OK, now I've really had it and, as a dad, I have to let off some steam!
Thursday's Wall Street Journal (search) has an article on dads afraid to hug their daughters. I kid you not! Political correctness has gone so far that a lot of dads want to cool it on hugs. That they're afraid the physical contact will be misconstrued.
Since when is hugging your kid politically incorrect?
Look, I'm Italian and I'm a hugger. It comes with the territory. I'm a moosh and, for my daughter, probably an embarrassment. But you know what? I don't care. And all you dads out there, you shouldn't care either.
Since when is it bad form to give your little girl a big hug? Have we become so jaded that even the bond between a father and his little girl looks a little weird?
I'll tell you what's weird: The society that's created cold, callous, indifferent, emotionless freaks of nature thrusting their distorted views of family life on the rest of us. Just where are these guys' heads? Up a place that's very dark, I suspect. I don't know about these guys, but I live in a house, not a petri dish.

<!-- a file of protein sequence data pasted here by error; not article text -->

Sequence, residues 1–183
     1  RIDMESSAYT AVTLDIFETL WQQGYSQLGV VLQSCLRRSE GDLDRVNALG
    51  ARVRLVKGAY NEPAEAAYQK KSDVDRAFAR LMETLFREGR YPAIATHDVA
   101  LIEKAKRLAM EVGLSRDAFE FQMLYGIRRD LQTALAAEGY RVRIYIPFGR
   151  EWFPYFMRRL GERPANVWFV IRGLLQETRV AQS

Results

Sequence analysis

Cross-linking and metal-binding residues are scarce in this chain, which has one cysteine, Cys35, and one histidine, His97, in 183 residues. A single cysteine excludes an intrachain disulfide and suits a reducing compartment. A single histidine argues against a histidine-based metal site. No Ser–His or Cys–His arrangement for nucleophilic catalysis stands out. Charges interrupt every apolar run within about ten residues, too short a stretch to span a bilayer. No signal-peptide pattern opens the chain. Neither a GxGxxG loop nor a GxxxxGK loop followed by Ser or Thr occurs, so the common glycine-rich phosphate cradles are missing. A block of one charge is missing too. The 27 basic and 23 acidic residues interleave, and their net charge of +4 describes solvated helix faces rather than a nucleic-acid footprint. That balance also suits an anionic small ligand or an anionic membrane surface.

Look, I'm not saying French kiss your little Sophie at her softball game. But I am saying that if she hits a home run, go ahead and hug her. Go ahead and let her know you love her.
Are we so emotionally constipated that we've given common sense the runs?
Writer Jeff Zaslow talks about the dad who no longer kisses his 9-year-old when he tucks her into bed. In fact, he won't even tuck her into bed, saying that he wants to end her dependency on such physical contact.
Here's what I'd tell this dad: "Hey, gavone! You think that's helping her?"
Look, I admit: I cry at Kodak commercials. And I totally embarrassed my daughter dropping her off at college and shouting, "Let me know if you need anything, schnuggems!" Then adding one final humiliation by yelling, "Now give your dad a big hug!"
OK, so I'm an embarrassment and I'm a nut. But I'll tell you what: I'm a nut who cares. I'd much rather let my daughter know I'm over the top, than under the radar.
Life will be tough enough for our kids when we dads are long gone. I don't see anything wrong letting them know we're there for them every step of the way, before we are.
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